Food as Fuel – Prepping your Body for Winter

Food choices you make in late fall can help fortify your body for winter. In general, this means moving away from cold, raw foods and eating more baked, stewed, and warming foods until spring arrives.
According to Traditional Chinese Medicine, fall wind and dryness impacts on the lungs, skin, and large intestine. Moisten them by eating mushroom soups, stewed or baked pears, and oven-roasted almonds. The organs most affected by cold are the kidneys. Foods that help them stay warm are lamb, walnuts, and cinnamon. This can help support the immune system, keep hands and feet warm, and stave off low back and knee pain.

Fruit is cooling in nature, but this can be countered baking or stewing, adding warming spices like cinnamon, ginger, nutmeg, and cardamom. If you are addicted to that morning smoothie, consider heating your frozen berries on the stovetop first, forgoing tropical fruit additions, adding warming spices to the blend and drinking it hot or warm.

Instead of having a cold salad for lunch, drop your fresh veggies into a hot miso soup or bone broth. Avoid ice in your drinks and save ice cream for only very special occasions.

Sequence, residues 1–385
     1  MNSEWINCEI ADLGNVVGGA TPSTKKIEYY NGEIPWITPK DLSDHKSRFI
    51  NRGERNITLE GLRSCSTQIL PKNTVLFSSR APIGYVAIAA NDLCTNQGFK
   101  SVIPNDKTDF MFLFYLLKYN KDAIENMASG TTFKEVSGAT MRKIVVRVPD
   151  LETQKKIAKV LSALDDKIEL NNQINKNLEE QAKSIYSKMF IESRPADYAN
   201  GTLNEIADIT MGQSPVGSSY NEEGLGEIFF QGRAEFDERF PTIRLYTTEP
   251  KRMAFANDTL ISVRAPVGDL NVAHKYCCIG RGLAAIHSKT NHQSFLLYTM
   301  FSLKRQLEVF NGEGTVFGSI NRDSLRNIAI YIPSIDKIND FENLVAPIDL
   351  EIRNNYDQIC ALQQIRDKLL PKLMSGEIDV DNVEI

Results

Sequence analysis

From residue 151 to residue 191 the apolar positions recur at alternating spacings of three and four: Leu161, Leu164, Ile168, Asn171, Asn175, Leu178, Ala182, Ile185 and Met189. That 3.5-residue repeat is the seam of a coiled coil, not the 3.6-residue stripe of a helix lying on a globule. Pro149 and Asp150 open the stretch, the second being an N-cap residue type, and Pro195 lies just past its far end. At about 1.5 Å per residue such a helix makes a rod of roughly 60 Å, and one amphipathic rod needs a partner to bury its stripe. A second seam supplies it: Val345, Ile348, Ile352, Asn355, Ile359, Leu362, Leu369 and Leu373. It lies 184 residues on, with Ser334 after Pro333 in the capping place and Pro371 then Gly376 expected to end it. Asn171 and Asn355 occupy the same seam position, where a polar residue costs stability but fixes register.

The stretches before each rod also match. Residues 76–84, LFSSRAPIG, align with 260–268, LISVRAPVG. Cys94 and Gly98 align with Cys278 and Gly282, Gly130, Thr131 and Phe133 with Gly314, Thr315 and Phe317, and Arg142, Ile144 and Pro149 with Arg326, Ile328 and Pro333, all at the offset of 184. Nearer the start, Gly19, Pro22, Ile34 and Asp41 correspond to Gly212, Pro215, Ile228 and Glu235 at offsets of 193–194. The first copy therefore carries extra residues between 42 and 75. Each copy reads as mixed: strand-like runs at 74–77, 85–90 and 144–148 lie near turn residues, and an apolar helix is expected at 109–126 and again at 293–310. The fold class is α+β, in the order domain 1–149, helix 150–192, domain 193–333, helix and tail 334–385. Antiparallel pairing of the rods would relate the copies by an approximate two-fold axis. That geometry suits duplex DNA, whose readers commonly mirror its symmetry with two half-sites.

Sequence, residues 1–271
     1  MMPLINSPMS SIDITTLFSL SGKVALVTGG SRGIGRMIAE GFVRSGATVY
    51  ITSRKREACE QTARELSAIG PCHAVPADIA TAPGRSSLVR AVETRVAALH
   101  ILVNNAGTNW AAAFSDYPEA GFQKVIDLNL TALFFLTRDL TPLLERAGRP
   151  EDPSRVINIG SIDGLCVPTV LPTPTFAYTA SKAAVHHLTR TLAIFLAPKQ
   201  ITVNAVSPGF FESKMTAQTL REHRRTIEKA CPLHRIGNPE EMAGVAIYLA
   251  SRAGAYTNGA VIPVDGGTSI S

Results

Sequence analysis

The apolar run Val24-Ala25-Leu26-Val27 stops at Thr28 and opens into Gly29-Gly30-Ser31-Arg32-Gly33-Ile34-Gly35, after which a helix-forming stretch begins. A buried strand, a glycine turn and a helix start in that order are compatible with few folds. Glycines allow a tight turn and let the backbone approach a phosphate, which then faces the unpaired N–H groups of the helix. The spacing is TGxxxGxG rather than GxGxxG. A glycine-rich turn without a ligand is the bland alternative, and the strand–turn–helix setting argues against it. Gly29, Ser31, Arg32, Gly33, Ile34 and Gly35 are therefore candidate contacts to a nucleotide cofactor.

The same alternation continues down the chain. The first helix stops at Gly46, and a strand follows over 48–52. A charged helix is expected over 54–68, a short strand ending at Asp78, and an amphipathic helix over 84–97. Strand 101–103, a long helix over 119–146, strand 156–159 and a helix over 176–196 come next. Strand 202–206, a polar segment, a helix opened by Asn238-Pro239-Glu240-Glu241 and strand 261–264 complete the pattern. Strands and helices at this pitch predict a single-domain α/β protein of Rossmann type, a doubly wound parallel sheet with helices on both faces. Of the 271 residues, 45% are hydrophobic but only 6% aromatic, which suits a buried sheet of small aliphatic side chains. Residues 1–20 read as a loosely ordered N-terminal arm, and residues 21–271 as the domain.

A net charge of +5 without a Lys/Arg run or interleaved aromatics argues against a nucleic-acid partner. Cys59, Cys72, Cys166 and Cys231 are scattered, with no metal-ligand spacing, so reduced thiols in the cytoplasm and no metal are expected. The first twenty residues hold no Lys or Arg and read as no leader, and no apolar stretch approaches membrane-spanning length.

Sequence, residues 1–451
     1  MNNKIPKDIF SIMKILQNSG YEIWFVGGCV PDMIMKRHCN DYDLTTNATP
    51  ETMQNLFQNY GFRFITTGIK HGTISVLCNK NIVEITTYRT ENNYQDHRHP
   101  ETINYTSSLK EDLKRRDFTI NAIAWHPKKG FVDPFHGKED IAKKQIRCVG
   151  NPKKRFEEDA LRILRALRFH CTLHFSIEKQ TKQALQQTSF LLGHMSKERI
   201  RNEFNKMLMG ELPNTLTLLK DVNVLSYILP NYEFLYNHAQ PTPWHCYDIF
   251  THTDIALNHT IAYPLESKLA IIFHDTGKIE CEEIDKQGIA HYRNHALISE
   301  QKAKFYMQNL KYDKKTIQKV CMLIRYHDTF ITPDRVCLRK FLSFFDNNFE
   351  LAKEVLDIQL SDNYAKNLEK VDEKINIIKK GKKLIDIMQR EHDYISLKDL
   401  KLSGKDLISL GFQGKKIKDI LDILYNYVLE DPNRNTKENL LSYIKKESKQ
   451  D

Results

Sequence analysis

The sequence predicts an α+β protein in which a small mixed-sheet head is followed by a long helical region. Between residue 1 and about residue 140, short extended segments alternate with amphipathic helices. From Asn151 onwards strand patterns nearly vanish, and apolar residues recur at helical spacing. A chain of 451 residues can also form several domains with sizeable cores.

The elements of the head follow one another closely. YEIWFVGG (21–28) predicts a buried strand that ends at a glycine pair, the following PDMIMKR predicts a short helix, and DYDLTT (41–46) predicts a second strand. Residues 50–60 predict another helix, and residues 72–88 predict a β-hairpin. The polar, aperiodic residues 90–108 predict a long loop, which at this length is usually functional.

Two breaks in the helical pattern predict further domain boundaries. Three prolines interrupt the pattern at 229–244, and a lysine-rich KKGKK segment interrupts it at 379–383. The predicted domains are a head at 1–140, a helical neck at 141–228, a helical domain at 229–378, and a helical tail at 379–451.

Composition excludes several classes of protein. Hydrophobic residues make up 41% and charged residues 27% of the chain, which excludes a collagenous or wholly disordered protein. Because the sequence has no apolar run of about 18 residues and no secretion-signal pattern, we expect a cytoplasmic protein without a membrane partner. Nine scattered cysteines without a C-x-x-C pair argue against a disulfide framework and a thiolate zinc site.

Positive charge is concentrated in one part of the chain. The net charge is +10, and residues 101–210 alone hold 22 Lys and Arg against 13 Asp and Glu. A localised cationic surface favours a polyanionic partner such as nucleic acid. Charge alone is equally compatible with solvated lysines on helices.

Eating cooling foods during autumn can lead to a winter of feeling low energy, with cold extremities and poor digestion. Baking, stewing and making soups with root veggies, squash, mushrooms, red meat, and warming spices can help your body gear up for the shift.

Harmony Wagner, R. Ac.

Harmony Wagner, R. Ac. runs a Traditional Chinese Medicine Clinic in Charlottetown and teaches Chinese Internal Martial Arts and Qigong.

The information provided is intended solely for educational purposes and is not a substitute for the personalized medical advice provided by a physician or other health care professional.

About Harmony Wagner

Harmony Wagner began training with the North American Tang Shou Tao Association and her teacher Vince Black in 1996. She underwent a formal apprenticeship with the Four Winds Health Center and was licensed as a Registered Acupuncturist through the CTCMA of British Columbia in 2001. She practices Traditional Chinese Medicine and teaches NATSTA gongfu and qigong in Charlottetown, Prince Edward Island, Canada.

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